Tesch bottles lined up

Edward: We tasted all the current vintages before moving onto a host of outstanding older bottles from the cellar. To accompany the wines, we enjoyed local cold meats, cheeses and real sauerkraut (delicious, by the way). This moment was the first of many on this trip that prompted the exclamation ‘I bloody love Riesling!’ from a member of our group.

Dr Martin Tesch and team tasting wineRob: I think meeting Martin was the highlight of the trip for me. He’s such a character. Although he’s come from a historic winemaking family, he’s lived his own life, and he’s got that founder’s mentality as well – that kind of irascible, irrepressible drive to survive. He’s had some knocks throughout the history of the business, but he’s put in a lot of innovation and he’s come out on top. It was really fantastic to sit there in the man’s lair beneath his collection of heavy metal memorabilia and just hear him hold court.

Edward: Tesch is socially conscious, something Martin was very animated about, but even in this his approach is unusual. For more than two years, the winery has partnered with a charity to employ disabled people. Despite difficult day-to-day winery work, the mental health benefits to those attending the charity, the winery staff and even the nurses has been so great the project will be continued. The business also supports an eastern European village where many of its grape pickers come from.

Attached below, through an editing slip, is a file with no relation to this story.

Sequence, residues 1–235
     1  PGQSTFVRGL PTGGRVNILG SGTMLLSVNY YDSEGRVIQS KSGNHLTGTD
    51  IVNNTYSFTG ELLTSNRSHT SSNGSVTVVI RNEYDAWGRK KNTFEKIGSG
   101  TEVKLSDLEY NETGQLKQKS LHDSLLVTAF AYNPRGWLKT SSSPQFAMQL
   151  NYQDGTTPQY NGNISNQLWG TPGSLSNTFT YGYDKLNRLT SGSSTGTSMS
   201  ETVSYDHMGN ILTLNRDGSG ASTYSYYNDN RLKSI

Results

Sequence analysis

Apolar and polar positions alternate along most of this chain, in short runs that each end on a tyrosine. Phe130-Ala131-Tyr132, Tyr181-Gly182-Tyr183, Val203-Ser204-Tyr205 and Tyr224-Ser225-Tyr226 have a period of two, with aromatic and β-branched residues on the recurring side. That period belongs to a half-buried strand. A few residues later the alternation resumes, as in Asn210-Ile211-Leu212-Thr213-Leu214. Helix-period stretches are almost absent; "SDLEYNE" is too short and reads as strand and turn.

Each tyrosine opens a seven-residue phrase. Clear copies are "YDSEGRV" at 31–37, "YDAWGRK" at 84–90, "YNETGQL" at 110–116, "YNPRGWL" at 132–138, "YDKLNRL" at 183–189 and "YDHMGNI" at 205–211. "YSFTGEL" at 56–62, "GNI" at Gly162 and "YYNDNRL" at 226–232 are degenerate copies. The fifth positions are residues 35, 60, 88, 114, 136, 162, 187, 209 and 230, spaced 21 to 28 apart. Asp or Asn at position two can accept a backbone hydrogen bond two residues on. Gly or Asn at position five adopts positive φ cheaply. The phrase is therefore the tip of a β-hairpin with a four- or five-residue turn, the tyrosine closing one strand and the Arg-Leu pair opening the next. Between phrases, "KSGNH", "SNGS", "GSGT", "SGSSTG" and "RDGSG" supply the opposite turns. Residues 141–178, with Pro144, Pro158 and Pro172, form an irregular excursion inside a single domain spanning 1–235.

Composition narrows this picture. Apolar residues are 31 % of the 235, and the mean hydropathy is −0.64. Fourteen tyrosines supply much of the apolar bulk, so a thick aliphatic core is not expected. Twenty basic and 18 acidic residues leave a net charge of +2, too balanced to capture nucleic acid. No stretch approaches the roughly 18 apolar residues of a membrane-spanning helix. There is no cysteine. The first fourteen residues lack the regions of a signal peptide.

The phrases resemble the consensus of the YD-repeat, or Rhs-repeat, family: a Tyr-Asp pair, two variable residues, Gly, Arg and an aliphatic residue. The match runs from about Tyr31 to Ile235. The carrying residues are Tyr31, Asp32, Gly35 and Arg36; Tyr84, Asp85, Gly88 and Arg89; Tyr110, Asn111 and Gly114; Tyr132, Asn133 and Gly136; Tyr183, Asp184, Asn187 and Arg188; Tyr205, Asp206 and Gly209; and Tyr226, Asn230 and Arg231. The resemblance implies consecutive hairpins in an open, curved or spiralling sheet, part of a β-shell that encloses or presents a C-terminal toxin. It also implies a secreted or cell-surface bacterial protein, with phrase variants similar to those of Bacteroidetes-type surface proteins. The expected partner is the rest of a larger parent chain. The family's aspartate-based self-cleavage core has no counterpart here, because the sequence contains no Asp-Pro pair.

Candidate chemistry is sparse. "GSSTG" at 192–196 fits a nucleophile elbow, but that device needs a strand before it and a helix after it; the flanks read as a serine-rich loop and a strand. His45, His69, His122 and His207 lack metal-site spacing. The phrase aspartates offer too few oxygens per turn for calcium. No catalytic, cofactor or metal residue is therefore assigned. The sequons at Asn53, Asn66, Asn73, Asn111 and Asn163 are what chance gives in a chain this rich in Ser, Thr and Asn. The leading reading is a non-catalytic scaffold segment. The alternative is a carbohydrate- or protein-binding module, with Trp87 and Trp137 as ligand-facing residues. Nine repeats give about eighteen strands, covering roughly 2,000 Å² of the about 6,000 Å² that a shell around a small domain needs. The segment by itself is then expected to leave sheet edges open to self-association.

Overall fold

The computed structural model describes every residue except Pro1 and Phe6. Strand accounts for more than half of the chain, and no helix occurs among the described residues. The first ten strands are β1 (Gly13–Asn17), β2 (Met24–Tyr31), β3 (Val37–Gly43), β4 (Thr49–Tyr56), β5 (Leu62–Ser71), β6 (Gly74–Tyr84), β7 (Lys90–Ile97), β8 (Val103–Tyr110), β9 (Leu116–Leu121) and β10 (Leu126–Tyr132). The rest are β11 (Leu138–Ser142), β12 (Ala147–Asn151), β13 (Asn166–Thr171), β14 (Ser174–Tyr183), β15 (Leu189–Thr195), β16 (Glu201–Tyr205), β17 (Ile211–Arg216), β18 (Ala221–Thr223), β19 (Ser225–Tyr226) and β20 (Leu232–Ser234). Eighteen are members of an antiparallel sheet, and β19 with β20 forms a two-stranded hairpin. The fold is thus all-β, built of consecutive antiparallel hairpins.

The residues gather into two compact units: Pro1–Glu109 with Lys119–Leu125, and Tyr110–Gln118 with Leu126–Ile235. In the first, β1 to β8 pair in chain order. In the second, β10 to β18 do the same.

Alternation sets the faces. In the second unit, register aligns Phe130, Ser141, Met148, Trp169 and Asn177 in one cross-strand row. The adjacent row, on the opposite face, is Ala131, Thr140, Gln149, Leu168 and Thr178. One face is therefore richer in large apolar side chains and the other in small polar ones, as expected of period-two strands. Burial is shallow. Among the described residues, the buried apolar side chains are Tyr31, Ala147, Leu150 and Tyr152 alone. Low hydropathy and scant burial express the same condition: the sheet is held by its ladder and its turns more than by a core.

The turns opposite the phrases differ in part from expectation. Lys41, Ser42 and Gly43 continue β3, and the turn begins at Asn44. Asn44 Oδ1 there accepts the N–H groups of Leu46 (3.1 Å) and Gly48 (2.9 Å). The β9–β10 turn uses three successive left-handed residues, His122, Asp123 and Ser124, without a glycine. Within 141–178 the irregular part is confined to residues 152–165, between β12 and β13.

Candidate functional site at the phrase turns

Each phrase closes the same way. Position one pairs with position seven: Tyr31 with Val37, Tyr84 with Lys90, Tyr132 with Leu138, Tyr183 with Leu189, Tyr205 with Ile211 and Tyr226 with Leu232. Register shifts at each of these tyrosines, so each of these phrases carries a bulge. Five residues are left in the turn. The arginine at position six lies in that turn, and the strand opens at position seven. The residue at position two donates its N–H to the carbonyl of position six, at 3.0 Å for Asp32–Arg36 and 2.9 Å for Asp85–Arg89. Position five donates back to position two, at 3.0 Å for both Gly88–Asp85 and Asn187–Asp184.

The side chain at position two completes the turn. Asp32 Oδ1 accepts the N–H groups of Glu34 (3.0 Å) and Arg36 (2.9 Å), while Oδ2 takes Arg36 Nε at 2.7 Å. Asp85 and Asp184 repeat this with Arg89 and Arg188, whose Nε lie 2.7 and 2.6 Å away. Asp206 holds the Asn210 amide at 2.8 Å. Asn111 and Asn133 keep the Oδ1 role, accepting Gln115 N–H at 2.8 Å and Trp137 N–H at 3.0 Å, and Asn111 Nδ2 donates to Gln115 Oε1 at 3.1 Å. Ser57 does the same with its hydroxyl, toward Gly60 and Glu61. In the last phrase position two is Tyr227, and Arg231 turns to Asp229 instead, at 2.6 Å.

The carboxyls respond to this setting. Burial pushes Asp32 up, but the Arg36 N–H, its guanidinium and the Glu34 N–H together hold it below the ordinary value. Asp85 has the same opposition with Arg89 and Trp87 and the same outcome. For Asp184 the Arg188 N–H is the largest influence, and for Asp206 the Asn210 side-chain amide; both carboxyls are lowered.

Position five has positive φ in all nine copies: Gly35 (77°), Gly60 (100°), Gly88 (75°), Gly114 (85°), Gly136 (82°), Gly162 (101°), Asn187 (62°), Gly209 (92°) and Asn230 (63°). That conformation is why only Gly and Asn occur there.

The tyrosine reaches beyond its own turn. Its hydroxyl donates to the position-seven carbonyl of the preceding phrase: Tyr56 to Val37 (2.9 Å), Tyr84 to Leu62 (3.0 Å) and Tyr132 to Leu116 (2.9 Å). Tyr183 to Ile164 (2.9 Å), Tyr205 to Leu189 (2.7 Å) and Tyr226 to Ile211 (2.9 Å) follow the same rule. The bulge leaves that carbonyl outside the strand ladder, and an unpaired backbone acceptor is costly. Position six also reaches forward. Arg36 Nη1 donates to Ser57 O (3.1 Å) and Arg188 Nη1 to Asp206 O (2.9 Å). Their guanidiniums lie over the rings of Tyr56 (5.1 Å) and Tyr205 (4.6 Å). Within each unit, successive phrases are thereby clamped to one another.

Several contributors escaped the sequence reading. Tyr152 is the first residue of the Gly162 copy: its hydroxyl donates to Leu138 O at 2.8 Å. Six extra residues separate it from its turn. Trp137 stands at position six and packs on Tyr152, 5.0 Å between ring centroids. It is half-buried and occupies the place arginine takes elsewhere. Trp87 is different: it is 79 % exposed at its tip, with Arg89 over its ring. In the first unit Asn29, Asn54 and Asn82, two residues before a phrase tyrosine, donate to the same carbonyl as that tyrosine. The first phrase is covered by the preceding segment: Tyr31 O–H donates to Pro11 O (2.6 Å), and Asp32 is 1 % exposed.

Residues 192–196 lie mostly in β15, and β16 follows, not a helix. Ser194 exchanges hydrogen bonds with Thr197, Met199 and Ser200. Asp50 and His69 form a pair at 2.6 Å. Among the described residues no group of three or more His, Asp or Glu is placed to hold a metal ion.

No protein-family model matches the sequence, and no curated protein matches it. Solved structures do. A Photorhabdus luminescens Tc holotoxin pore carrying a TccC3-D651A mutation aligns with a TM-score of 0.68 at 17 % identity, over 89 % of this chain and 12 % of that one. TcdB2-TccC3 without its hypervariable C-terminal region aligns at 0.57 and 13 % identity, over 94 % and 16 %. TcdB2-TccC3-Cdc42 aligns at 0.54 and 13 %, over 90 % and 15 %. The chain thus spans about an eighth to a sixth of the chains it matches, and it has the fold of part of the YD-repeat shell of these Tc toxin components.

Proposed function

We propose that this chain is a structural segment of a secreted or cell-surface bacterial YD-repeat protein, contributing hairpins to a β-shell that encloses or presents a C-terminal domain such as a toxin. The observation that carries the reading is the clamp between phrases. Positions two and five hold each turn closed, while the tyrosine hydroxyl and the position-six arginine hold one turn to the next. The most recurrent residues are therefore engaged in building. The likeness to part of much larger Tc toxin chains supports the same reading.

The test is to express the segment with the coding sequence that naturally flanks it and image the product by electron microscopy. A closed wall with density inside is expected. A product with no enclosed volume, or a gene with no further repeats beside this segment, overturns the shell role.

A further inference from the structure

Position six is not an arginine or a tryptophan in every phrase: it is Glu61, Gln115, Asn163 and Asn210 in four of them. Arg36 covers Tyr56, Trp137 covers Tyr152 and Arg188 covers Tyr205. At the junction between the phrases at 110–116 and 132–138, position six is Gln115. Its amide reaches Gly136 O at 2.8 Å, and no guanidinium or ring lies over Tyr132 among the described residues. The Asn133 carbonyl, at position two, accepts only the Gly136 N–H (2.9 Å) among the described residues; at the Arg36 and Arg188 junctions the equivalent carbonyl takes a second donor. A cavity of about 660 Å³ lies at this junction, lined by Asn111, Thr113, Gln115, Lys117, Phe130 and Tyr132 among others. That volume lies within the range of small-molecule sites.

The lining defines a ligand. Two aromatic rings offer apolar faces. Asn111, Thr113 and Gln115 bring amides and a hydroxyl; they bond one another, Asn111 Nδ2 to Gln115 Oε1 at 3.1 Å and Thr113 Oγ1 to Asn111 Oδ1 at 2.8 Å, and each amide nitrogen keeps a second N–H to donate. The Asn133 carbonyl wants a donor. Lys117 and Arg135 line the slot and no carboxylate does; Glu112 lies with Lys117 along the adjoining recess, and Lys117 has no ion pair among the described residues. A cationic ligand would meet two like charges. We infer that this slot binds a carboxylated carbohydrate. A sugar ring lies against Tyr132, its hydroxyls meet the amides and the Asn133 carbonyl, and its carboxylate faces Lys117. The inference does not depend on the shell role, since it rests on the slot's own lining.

Summing up Tesch’s wines is easy; they are exceptionally complex, dry, age-worthy, consistent and progressive Rieslings that deserve a high profile in the UK. Summing up their creator is much harder – but highly driven and utterly passionate is a very good start.

The team's top wines

Karthäuser Riesling 2013 Karthäuser Riesling 2013

A testament to the age-worthiness of even reasonably priced Riesling. A refined harmony of florals and mineral notes, with a touch of petrol and a long, lingering finish. Rob Ward

Pronounced aromas that leap out of the glass, showing waxy lime citrus but with a powerful earthy character that carries through to the super-long finish. Very concentrated and fine at a beautiful stage of maturity. Richard Lewis

Krone Riesling 2021 Krone Riesling 2021 Bold grapefruit aromas with an appetising bitter lemon character on the palate. Gorgeous rounded fruit with juicy acidity. Really good, even at this very young stage. Richard Lewis

Part of our 50 Year Anniversary Focus 50 Series

This trip was carbon offset by Leapfrog

E&C 50 Anniversary Leapfrog